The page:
MultiLineCommentChars and PostAsteriskCommentChars productions
jmdyck at ibiblio.org
Mon Apr 10 02:23:27 UTC 2017
On 17-04-09 05:13 PM, Darien Valentine wrote:
> I am curious about this lexical production, because if I understand
> correctly, it seems to imply either backtracking or a lookahead that isn’t
> made explicit.
Yes, depending on your parsing technique.
> ..., a naive match will be made for PostAsteriskCommentChars against
> the `*` of a terminal `*/` of the MultiLineComment.
> While this is not ultimately ambiguous because, having made that match, the
> next attempt will fail and we can backtrack one step to find another way
> out; or, more realistically, an implementation would look ahead at whether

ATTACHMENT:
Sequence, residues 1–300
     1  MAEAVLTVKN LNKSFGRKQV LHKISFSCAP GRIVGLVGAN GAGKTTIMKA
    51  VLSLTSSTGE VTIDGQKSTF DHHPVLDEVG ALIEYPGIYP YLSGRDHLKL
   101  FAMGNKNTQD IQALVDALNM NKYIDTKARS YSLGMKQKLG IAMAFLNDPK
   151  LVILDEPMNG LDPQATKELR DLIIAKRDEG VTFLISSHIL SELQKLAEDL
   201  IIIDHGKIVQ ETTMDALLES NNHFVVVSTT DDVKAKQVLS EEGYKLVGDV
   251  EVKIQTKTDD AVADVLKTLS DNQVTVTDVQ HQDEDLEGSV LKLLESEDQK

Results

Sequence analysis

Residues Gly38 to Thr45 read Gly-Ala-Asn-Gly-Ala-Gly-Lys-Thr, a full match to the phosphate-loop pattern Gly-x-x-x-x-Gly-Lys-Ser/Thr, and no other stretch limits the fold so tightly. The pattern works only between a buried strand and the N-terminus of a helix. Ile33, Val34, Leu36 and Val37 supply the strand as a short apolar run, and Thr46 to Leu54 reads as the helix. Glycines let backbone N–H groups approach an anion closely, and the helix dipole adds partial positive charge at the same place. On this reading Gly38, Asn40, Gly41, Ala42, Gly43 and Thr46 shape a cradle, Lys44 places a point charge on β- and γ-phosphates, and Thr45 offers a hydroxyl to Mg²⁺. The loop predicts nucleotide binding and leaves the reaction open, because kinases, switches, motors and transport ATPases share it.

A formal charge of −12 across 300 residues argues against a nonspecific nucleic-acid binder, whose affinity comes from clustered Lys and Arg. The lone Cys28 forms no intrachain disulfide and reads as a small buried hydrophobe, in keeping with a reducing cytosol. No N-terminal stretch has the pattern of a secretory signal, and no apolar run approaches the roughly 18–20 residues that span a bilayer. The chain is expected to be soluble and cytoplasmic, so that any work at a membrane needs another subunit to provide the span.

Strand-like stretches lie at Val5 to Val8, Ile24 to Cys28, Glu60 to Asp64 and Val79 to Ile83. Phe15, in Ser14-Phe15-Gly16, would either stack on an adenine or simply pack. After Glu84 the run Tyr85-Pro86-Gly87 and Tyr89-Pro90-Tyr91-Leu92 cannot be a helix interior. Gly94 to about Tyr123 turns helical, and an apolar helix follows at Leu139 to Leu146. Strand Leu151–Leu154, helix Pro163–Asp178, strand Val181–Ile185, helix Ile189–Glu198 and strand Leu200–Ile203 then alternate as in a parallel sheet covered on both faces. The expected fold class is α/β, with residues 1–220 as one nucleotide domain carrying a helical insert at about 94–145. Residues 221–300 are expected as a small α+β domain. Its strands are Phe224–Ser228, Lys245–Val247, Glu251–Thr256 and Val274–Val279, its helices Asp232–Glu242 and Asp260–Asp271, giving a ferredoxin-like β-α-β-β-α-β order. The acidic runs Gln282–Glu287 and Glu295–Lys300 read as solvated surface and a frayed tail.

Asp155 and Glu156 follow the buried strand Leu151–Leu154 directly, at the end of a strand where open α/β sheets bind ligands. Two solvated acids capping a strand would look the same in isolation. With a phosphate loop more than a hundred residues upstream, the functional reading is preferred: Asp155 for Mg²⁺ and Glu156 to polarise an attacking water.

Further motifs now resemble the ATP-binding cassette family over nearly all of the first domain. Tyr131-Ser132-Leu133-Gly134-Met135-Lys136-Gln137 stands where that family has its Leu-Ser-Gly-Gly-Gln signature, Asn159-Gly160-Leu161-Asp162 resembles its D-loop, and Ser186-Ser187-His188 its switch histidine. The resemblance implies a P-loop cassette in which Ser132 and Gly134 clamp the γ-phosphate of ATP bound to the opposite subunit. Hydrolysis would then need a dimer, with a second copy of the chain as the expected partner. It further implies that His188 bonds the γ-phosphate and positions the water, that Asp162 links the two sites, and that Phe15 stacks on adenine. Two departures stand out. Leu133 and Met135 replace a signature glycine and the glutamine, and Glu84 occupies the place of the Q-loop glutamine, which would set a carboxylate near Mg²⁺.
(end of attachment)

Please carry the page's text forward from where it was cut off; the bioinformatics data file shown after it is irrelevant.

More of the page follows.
> the next character (after "*") is `/` before deciding that
> PostAsteriskCommentChars/2 should _really_ be matched.
In a bottom-up parser, one would say that, with a next symbol (i.e.,
character) of '*', there is a shift-reduce conflict that cannot be resolved
by that symbol alone. Instead, two symbols of lookahead are required.
> However it seems unusual that the grammar is written this way since
> elsewhere the grammar seems to carefully avoid implied backtracking,
> and lookaheads are rare and explicit.
Apparently you're referring to phrases like "[lookahead != foo]". You
shouldn't think of these as "lookaheads". The spec doesn't have a name for
these, but I call them "lookahead-restrictions". Each is a restriction on
the applicability of a production, based on the next one or two symbols.
They do indicate places where a parser would need to employ lookahead to
make a decision, but there are many other such places (such as the one you
noted above), where the need for lookahead is simply a consequence of the
interaction of productions, and is not called out explicitly in the grammar.
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